Chris Tonnesen
Simon Willis
September 11, 2018

For many, the phrase Danish design conjures the elegant functionality and earthy minimalism of the country’s midcentury furniture. But the postwar aesthetic of bare-wood tables and boxy sideboards has become so ubiquitous that designers at the source are now striving to reinterpret it — often by reenergizing Copenhagen’s historic interiors.

Chris Tonnesen

One burgeoning trend in this space is a bold internationalism easily felt in some new hotels, including Sanders, a boutique property housed in a 19th-century structure that once served as the bohemian haunt Hotel Opera. In 2015, Alexander Kølpin, a former star at the Royal Danish Ballet and a onetime Opera regular, bought the space and tasked British architect Richy Almond and his Danish business partner, Pernille Lind, with creating an eclectic interior. For the bar, the duo chose tasseled velvet curtains evocative of operatic Parisian décor; in the lounge, floral-print fabrics for chairs and sofas that suggest an eccentric English style; and on the roof terrace, bamboo armchairs that bring in a touch of old Peking. Even the most Danish elements — the beds and sideboards in the guest rooms — reference an overlooked aspect of Midcentury Modernism: the influence of the East on such designers as Hans Wegner and Arne Jacobsen. Just as Wegner riffed on Ming-dynasty design in his Wishbone chair and Jacobsen channeled colonial bamboo furniture in his early Paris chair, so Lind and Almond have inlaid simple pale-wood furniture with rattan.

Nimb, a hotel in Tivoli Gardens that began as a Moorish-inspired bazaar, also weaves in Asian elements. Last fall, when the property debuted 21 new rooms, designers echoed the Chinese-style pavilions that guests can spy from their balconies. Guest rooms incorporate Chinese ceramics and black sliding doors reminiscent of old lacquerwork.

Chris Tonnesen

Hotel Herman K — built in a disused 1960s power station — typifies another current approach, in which the organic forms we associate with Danish design  offset the Brutalism of industrial structures.  A triple-height lobby of concrete walls and towering iron doors might feel forbidding without the sinuous Wegner chairs and vases of dried wildflowers on the wooden tables  of the restaurant off to one side. In the guest quarters, white cotton curtains drape concrete walls and upholstered hooded headboards, imbuing the spaces with a calmness they’d otherwise lack. You leave the power station at the door.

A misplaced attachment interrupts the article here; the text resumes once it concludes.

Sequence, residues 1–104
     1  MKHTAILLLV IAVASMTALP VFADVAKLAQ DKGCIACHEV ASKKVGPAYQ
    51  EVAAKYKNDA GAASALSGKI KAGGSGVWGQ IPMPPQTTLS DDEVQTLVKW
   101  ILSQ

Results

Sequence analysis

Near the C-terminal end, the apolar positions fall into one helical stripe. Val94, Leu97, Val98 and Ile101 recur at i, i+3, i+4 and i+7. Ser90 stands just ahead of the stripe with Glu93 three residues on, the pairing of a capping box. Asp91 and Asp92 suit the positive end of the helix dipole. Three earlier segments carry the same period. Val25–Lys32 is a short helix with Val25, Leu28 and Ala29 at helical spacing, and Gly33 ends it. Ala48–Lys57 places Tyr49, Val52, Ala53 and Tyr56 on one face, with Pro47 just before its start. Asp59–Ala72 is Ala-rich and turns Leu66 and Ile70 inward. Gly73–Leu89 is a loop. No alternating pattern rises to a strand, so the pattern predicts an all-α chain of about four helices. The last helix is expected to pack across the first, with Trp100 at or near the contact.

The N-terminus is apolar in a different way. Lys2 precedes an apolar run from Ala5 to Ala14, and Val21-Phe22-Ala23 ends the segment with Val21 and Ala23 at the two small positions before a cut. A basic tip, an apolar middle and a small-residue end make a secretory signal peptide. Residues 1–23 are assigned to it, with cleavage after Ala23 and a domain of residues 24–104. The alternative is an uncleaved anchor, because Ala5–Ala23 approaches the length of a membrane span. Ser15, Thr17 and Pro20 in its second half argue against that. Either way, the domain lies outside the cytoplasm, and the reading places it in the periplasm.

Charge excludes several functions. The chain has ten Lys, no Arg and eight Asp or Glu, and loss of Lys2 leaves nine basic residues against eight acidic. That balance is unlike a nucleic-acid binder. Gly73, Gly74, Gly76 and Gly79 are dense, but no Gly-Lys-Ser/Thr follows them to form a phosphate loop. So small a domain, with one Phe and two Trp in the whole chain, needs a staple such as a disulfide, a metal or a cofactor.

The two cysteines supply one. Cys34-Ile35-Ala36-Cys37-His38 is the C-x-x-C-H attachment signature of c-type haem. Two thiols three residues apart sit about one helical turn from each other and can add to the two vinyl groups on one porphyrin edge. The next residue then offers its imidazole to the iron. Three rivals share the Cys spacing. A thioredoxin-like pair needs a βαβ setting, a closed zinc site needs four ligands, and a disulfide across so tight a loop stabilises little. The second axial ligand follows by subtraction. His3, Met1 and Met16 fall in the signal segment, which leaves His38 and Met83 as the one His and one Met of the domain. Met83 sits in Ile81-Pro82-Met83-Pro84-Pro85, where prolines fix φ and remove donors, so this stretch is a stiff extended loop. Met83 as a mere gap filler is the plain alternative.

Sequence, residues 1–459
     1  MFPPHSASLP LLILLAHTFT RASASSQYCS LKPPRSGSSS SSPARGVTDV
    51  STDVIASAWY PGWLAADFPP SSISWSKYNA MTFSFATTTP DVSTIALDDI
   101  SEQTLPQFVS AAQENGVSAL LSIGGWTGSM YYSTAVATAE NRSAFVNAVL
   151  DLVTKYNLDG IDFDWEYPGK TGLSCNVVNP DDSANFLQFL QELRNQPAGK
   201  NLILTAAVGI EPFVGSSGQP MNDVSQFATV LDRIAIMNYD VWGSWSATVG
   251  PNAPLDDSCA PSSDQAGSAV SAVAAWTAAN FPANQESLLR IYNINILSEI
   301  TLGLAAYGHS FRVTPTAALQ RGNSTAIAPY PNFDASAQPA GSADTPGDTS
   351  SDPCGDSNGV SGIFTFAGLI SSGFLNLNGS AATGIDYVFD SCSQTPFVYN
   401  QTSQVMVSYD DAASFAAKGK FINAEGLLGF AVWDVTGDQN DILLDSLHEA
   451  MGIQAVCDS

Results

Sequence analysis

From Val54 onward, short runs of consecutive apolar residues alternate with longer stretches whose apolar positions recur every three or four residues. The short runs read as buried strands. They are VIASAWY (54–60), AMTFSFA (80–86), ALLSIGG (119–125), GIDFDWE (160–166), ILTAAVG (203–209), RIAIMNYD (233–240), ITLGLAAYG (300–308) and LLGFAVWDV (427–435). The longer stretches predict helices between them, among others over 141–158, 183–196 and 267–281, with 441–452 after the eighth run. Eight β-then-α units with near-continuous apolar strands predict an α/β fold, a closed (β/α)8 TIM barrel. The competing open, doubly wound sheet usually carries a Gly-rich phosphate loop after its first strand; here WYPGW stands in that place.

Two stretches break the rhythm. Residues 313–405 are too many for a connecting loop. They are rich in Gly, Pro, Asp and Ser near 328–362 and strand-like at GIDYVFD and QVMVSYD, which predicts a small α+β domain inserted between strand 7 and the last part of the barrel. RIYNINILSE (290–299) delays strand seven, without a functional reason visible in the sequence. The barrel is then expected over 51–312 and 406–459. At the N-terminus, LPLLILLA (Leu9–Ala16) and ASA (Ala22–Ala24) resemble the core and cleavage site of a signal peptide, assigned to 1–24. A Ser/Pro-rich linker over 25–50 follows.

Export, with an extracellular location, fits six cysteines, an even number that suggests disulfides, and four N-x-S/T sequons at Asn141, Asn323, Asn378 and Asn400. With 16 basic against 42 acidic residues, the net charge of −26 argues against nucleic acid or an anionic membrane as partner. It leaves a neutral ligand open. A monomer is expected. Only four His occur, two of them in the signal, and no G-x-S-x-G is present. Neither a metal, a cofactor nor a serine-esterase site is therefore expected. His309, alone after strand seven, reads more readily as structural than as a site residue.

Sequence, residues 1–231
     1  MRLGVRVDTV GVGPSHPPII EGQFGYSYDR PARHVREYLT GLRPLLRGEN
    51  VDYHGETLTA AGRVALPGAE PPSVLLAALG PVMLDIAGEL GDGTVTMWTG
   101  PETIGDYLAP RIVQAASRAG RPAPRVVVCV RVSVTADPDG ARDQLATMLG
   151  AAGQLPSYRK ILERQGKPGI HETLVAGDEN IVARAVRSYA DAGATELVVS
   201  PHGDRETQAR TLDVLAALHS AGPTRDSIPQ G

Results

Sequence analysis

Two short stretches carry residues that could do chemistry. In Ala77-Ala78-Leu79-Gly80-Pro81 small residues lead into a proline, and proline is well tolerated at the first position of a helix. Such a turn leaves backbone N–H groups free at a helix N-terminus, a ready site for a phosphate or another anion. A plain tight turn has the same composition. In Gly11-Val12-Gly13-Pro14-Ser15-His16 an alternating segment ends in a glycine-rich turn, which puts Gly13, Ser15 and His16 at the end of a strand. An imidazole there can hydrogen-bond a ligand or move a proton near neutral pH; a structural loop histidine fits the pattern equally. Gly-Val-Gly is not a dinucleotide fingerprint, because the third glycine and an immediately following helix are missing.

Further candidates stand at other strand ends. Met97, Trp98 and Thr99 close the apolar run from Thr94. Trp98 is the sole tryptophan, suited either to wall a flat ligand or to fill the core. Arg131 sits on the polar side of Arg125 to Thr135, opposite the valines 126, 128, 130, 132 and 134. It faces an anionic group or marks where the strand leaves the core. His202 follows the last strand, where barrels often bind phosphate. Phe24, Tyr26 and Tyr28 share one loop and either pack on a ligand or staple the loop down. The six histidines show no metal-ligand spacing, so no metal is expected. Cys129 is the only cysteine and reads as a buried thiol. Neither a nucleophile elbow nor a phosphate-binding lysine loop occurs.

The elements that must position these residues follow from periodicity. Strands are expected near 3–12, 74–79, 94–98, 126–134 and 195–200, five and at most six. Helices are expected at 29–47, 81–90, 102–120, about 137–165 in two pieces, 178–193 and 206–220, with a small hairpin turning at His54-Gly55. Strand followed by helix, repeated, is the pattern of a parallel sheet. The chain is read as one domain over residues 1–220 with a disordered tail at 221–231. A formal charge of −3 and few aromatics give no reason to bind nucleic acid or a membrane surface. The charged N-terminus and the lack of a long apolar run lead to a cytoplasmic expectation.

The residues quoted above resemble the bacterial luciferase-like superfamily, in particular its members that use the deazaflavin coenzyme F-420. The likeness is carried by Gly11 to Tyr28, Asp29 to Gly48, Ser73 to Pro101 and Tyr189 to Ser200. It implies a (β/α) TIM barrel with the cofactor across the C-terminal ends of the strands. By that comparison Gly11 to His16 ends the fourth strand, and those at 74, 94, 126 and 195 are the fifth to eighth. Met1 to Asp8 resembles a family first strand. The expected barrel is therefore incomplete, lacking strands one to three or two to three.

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But hoteliers aren’t the only Danes putting old industrial infrastructure to new uses. Following its heyday as an area for ship-building, the district of Refshaleoen fell on hard times, its warehouses derelict and dilapidated. But over the last few years new tenants have moved in, among them restaurateurs, street-food vendors, artists, and vintage-furniture enthusiasts. The latest and largest venture is Copenhagen Contemporary, a gallery that opened in June in what was once a welding hall. The building’s vast interior offers practical advantages: the first exhibit is “Swing 123” by a Danish collective called Trio Superflex. Made up of a series of three-person swings hanging from interconnected frames resembling multicolored Meccano, its scale is typical of the work the gallery will show. Just as impressive is the industrial drama of the building itself, where the cavernous spaces offer a jaw-dropping spectacle to rival the Turbine Hall at London’s Tate Modern.

Galleries like Copenhagen Contemporary offer a more beguiling backdrop than the predictable minimalism of a white-cube gallery, and in this respect it takes its cue from Cisternerne, a subterranean art space in Sondermarken Park. Once an underground reservoir forming part of the city’s water system, it is now a post-industrial exhibition venue with dripping walls and echoing chambers. This summer it was showing “In is the only way out”, an installation by Jeppe Hein featuring a giant, faceted bronze disk hung from the ceiling with a flame thrower protruding from its center. As the fire flashed and roared, and the metal reflected its glow, the space felt like an apocalyptic backdrop for “Mad Max,” and a very long way from Denmark’s more tranquil design traditions.

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